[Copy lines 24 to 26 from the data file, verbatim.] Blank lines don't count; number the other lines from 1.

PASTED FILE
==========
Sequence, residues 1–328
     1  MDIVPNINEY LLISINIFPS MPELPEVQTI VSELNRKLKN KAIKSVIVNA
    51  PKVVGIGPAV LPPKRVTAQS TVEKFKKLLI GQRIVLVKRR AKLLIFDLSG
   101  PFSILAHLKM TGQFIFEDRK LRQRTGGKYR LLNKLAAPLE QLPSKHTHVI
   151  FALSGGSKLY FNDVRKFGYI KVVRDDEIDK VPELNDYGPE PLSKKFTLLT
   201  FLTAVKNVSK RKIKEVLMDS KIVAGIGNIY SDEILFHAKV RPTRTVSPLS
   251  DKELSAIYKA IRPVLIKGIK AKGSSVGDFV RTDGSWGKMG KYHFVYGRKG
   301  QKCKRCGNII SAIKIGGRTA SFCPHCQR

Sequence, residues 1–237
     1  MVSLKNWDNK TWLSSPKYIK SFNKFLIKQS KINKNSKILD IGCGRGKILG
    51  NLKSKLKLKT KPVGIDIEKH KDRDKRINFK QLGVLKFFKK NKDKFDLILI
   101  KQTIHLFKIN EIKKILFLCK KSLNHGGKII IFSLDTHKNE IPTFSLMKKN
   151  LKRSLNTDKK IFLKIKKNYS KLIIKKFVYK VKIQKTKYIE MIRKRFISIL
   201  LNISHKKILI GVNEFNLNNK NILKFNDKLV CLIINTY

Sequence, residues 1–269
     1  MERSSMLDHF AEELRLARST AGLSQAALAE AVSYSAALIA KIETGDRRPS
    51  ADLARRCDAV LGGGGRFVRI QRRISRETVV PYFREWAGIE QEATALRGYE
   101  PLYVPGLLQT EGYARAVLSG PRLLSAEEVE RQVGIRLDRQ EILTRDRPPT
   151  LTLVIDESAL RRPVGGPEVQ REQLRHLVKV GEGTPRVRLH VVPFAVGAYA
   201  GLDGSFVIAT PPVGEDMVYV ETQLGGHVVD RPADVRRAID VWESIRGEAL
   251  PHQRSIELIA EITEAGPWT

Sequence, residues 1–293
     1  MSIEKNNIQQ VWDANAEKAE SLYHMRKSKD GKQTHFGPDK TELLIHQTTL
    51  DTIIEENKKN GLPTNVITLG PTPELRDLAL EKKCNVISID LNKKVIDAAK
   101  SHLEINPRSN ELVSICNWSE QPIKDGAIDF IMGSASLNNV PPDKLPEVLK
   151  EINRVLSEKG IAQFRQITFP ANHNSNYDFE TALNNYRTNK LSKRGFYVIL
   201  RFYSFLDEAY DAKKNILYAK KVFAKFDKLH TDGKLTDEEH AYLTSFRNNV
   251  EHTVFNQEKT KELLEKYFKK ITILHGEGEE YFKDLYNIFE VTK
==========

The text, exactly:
    51  DTIIEENKKN GLPTNVITLG PTPELRDLAL EKKCNVISID LNKKVIDAAK
   101  SHLEINPRSN ELVSICNWSE QPIKDGAIDF IMGSASLNNV PPDKLPEVLK
   151  EINRVLSEKG IAQFRQITFP ANHNSNYDFE TALNNYRTNK LSKRGFYVIL